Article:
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- Release Date 07 August 2015
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- Nuclear Blast
Rarely can a musical artist claim to be a true innovator, a creator of their own genre, a revolutionary amongst a sea of sameness. Having invented the ‘cyber metal’ sound, Fear Factory are one of those rare cases.
Formed in Los Angeles in 1990, Fear Factory entered the metal scene with the crushing debut, 1992’s ‘Soul Of A New Machine’. Combining death metal with an industrial influence, the original line up of vocalist Burton C Bell, drummer Raymond Herrera, guitarist Dino Cazares and bassist Andrew Shives was onto something that had not been widely explored. Even Fear Factory’s earliest sound was immediately distinguishable by Herrera’s intense machine-like drumming and Bell’s tremendous dual vocal style, which seemed to effortlessly switch between animalistic growls and clear, operatic tones. Fear Factory had set a new standard in extreme music, a standard they would continue to bear to this very day.
In 1995, Fear Factory would release their second full length album, ‘Demanufacture’, which further refined Fear Factory’s distinct sound. Herrera’s beats invoked robotic, mechanical imagery, while Bell’s lyrics were bleak and ominous. This was also the introduction of bassist Christian Olde Wolbers, who would replace Shives.
‘Obsolete’ saw a creative surge in Fear Factory. The album blended the technological themes of ‘Demanufacture’ with a more cinematic atmosphere while Bell’s vocals reached a new level of refinement. A commercial success, ‘Obsolete’ saw the band breaking into the Top 100 on the album charts, a headlining spot on the second stage of 1999’s Ozzfest as well as the band’s involvement in soundtracks to movies like ‘Saw’, ‘Mortal Kombat’ and ‘Resident Evil’.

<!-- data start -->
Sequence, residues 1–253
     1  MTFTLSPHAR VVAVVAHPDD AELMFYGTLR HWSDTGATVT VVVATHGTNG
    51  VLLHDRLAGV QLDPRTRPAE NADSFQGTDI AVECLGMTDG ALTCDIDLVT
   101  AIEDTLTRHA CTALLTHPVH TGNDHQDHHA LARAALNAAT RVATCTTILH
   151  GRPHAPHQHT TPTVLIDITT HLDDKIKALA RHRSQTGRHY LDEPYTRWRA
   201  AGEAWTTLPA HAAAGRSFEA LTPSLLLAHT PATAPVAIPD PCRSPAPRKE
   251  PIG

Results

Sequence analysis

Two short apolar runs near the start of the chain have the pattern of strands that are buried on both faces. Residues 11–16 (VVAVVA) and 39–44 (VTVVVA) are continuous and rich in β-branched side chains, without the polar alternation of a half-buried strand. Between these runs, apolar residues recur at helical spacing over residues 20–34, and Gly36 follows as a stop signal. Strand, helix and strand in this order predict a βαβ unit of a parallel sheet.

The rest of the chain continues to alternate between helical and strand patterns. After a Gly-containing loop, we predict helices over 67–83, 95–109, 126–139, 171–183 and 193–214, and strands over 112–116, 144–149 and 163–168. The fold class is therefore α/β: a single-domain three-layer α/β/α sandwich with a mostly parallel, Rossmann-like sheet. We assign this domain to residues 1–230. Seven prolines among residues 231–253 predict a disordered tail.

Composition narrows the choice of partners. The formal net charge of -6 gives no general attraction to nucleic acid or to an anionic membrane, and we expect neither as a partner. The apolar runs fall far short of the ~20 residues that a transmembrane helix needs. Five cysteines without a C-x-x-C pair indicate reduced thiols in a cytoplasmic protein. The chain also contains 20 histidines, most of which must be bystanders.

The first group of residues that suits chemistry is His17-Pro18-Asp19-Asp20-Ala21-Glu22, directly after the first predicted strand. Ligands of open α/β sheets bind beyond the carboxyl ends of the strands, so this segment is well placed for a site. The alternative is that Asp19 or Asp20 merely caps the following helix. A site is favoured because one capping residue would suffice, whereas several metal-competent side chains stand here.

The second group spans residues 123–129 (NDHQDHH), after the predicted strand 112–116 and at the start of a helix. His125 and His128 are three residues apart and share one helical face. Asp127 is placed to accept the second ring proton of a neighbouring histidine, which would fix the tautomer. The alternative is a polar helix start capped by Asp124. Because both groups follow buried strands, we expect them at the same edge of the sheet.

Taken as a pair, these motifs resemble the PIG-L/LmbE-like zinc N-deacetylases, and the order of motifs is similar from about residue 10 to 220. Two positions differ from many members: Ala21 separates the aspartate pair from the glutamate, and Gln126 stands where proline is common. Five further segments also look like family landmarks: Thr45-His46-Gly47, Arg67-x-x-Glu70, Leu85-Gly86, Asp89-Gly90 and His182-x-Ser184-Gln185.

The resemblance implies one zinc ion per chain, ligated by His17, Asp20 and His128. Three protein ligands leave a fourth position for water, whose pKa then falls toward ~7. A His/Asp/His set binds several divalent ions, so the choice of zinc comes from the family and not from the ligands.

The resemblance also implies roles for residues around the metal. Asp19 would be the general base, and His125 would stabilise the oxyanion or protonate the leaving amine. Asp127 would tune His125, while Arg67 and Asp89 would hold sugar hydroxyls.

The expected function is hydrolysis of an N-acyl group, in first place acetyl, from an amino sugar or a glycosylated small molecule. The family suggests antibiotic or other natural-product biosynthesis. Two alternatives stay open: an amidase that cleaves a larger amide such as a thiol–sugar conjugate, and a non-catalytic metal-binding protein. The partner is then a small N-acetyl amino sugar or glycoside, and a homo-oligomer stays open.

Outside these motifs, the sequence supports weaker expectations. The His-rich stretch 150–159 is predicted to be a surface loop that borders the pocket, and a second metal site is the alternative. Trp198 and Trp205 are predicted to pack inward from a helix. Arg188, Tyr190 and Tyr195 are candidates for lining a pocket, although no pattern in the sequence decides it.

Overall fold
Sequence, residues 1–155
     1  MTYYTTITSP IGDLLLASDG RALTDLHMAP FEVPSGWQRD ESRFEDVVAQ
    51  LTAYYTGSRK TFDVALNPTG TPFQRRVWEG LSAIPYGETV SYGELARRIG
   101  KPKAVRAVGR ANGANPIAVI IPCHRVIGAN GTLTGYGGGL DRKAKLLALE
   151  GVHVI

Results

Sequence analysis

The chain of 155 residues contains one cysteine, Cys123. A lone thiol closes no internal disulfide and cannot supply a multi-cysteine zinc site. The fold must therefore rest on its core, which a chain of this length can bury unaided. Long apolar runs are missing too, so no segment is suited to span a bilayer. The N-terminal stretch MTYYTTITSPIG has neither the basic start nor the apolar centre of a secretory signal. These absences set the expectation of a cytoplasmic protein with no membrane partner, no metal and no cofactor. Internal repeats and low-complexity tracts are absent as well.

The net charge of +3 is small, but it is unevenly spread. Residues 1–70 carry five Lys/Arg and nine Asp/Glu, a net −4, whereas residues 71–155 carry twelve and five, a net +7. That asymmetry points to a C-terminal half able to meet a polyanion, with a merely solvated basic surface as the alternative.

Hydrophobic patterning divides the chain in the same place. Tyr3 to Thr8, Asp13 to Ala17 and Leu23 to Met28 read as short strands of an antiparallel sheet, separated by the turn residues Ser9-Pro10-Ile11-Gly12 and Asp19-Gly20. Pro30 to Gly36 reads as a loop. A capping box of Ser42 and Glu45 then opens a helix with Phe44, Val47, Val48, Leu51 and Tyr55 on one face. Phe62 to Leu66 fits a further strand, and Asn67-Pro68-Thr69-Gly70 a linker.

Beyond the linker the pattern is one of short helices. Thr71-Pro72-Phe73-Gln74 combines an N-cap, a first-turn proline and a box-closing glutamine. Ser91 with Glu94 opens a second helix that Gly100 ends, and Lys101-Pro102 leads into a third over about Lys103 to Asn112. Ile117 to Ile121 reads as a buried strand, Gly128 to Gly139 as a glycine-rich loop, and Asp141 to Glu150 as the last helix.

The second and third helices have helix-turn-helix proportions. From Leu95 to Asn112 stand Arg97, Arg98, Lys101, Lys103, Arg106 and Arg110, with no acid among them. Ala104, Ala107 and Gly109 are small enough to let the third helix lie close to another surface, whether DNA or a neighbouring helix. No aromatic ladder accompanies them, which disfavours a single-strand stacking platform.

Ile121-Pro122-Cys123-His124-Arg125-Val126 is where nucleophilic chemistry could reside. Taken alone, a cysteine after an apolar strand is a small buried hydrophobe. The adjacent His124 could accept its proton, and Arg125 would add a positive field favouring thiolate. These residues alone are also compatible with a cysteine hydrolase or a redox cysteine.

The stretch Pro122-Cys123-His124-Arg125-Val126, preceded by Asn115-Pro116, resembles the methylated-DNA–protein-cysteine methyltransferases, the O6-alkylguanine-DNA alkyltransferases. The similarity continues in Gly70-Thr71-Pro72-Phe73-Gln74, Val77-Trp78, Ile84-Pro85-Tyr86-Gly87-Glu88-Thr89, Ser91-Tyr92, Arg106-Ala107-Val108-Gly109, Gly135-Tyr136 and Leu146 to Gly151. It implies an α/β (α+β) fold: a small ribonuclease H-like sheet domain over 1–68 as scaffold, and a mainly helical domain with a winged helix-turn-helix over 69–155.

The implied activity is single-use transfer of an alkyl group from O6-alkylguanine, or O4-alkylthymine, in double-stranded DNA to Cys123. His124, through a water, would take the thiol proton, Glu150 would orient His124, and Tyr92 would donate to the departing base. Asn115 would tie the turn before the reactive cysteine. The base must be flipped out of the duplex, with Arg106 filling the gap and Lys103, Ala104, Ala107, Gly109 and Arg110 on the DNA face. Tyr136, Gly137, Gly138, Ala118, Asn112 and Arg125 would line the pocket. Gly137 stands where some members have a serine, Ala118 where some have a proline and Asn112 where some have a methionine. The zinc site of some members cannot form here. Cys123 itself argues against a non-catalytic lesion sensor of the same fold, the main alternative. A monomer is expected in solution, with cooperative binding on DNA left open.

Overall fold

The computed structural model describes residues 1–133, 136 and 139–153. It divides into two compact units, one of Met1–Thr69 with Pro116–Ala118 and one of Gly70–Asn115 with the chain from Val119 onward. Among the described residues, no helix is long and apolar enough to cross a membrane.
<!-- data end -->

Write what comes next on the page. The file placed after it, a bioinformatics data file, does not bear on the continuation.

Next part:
Fear Factory fragmented in 2002 and Bell went on to record two albums without Cazares, ‘Archeytype’ and ‘Trangression’, the latter veering towards alt-rock. The duo finally reunited in 2009 releasing ‘Mechanize’ (2010) and ‘The Industrialist’ (2012), which both saw a return to the band’s trademark cyber metal sound.
Co-produced by the band and longtime collaborator Rhys Fulber and mixed by Andy Sneap (Megadeth, Machine Head), ‘Genexus’ completes Fear Factory’s resurgence. Songs like ‘Soul Hacker’ and ‘Anodized’ are classic groove monsters that will have concert halls heaving with bodies while the likes of ‘Dielectric’ recall the futuristic frantic thrash of ‘Demanufacture’.
1. Autonomous Combat
5. Soul Hacker
8. Church Of Execution
10. Battle For Utopia
11. Expiration Date
12. Mandatory Sacrifice (Genexus Remix) [Bonus Track]
13. Enhanced Reality [Bonus Track]